The possible outcome of the presidential election and the possibility of any candidate being declared the winner in consideration of Section 134(2) of the Constitution has sparked a lot of legal debates amongst lawyers and political actors as to what really is the intendment of the framers of Section 134. It may be recalled that the legal giant Olisa Agbakoba SAN former President of the Nigeria Bar Association had written to INEC to give interpretation to Section 134 but INEC failed to give heed to the somewhat prophetic request.
Section 134 (2) of the CFRN 1999 provides that “A candidate for an election to the office of President shall be deemed to have been duly elected where, there being more than two candidates for the election: (a) he has the highest number of votes cast at the election; and (b) he has not less than one-quarter of the votes cast at the election in each of at least two-thirds of all the States in the Federation and the Federal Capital Territory, Abuja”
The above provision has been given a different interpretation. Some are of the view that so far a candidate has not less than one–quarter of the votes cast at the election in each of at least two-thirds of all the states, he does not necessarily need to get one-quarter of the votes cast FCT while the others are of the view that getting one-quarter ie 25% of the votes cast in Abuja is mandatory in addition to getting 25% in two-third of the state of the Federation.
The first opinion is that the constitution adds Abuja to the other 36 States to make it 37 States so to say. That is to say a candidate with the highest number of votes cast in a presidential election, must also get at least 25 per cent of the votes cast in each of at least 2/3 of the States. If the candidate has one-quarter of the votes cast in 25 States, the constitutional requirement would be deemed satisfied irrespective of whether he gets up to 25 per cent votes in Abuja or not. This means that a candidate who gets the highest number of total votes cast and also at least 25 per cent in 25 States of the Federation, does not need to get up to 25 per cent in the FCT Abuja as a condition precedence to be declared the winner of the election. Further reliance on this view is placed on Section 299 which said that the FCT should be treated as a state.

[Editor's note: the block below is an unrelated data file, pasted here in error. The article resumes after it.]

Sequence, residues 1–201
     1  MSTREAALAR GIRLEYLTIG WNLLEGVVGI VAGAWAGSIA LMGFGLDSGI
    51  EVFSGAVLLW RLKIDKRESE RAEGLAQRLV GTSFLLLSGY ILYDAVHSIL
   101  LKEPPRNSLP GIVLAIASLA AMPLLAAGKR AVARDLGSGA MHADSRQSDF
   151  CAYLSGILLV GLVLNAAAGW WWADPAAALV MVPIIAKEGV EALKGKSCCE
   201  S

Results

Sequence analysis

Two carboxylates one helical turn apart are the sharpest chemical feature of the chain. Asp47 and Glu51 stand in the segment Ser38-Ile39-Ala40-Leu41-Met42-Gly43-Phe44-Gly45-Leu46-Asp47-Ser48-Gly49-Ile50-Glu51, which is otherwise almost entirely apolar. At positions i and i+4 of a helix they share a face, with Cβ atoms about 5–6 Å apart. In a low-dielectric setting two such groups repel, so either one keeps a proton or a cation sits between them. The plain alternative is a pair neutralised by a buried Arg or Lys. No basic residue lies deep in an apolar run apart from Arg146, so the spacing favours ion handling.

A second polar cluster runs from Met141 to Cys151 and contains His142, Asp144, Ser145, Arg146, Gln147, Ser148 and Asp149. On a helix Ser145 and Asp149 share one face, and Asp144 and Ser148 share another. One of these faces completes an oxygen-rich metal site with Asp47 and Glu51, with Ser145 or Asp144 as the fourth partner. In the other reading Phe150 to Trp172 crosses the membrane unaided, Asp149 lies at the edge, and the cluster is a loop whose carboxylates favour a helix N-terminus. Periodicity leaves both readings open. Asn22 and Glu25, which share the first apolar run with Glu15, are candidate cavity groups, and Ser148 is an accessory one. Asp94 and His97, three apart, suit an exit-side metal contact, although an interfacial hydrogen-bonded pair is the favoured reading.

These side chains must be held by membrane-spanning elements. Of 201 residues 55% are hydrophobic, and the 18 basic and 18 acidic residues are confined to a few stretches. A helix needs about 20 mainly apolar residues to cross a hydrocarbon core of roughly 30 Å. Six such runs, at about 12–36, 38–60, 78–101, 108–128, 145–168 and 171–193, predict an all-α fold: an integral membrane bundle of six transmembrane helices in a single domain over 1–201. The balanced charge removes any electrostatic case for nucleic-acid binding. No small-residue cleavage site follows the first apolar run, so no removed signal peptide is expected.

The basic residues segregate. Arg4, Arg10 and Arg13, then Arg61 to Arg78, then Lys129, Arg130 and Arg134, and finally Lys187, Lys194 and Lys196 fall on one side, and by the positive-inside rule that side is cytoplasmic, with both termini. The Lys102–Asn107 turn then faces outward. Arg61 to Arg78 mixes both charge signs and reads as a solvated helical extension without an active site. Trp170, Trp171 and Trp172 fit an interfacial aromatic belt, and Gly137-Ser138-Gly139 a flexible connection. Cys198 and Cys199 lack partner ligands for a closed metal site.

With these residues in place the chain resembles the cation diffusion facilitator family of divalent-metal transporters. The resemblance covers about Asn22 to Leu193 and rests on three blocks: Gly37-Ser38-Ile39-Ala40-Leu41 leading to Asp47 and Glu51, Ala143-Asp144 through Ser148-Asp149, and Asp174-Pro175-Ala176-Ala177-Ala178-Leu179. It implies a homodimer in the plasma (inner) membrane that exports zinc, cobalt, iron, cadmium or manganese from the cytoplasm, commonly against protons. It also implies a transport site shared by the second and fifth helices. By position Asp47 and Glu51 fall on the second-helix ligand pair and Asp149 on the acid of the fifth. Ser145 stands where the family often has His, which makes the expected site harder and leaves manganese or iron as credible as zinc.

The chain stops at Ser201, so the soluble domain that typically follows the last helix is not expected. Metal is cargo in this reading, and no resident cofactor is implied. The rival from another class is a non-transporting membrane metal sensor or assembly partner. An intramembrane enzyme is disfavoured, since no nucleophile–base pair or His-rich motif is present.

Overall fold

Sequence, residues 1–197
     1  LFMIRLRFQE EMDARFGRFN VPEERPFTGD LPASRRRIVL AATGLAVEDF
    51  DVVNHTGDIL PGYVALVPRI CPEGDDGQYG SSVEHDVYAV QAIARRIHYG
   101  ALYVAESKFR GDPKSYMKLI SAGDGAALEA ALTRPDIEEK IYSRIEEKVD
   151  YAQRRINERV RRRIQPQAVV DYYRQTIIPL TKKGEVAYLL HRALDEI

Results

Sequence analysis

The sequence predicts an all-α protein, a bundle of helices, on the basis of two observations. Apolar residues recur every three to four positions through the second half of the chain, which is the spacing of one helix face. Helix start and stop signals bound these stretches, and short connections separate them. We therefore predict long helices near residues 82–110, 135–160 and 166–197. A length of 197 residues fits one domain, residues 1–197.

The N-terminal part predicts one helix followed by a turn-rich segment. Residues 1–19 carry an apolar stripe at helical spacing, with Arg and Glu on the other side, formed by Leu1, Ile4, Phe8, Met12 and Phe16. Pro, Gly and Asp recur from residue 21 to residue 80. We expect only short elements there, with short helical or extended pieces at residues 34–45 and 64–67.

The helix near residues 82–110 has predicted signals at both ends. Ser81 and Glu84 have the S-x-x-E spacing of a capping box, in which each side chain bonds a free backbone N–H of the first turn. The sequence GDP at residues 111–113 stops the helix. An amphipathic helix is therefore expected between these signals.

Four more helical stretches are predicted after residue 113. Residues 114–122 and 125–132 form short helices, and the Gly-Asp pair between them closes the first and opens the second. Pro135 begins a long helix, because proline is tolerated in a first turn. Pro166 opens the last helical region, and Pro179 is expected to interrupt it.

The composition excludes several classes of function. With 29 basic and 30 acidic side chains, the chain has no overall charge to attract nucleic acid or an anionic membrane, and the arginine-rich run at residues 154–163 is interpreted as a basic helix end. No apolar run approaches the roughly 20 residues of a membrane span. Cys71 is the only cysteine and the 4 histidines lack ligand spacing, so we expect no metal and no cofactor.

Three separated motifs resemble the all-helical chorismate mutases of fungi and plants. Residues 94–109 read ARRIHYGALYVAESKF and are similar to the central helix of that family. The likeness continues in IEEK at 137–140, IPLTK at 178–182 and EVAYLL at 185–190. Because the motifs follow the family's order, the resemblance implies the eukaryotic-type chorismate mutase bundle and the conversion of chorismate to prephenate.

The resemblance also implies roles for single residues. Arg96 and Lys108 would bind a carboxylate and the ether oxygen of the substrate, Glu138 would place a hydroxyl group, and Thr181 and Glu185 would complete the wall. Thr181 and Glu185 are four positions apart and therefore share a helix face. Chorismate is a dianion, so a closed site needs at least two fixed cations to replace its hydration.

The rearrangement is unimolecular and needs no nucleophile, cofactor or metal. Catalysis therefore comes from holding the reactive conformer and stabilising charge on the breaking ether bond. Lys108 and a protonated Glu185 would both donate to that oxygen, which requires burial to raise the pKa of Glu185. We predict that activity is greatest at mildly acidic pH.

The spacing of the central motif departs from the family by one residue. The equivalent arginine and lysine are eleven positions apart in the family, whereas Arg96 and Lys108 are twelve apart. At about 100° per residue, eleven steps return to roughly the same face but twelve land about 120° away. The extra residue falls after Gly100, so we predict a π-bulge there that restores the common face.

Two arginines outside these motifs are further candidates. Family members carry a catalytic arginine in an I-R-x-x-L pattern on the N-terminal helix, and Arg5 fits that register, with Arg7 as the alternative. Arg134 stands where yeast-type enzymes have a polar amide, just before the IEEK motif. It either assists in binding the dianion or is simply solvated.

The second opinion is to the effect that for a candidate to be declared a winner of a presidential election, he must have 25% per cent of the votes cast in at least 24 States of the Federation, in addition, must have 25% per cent of votes cast in FCT. This opinion appears to be the intendment of the framers of the Constitution because there is no doubt that Section 299 regards FCT as a state only to the extent of making the FCT to have executive powers vested in the president just like the states, where the governors have such powers, vesting Legislative powers in the National Assembly just like states with Houses of Assembly and vesting Judicial Powers in its own Courts with distinct Chief Judge of FCT just like you have CJ of State courts.
Judicial interpretation has been given to Section 299 in BABA-PANYA V. PRESIDENT, F. R. N.(2018) 15 NWLR (PT. 1643) 395,BAKARI V. OGUNDIPE (2020) LPELR-4957 (SC) etc. However, it is worthy of note that the above cases determined questions as to whether agencies of the FCT are agencies of the Federal Government of Nigeria. The above cases never determined the electoral status of the FCT with respect to a candidate being qualified to be declared as the winner of a presidential election also it did not in any way give interpretation to Section 134 (2) of the Constitution as it clearly does not apply in this context.
It is therefore conclusive, to state the need for a judicial interpretation of Section 134(2) in other to lay to rest the debates as to whether the constitution intends that winning 25 per cent of the votes cast in FCT is compulsory in addition to 25 per cent in 24 States.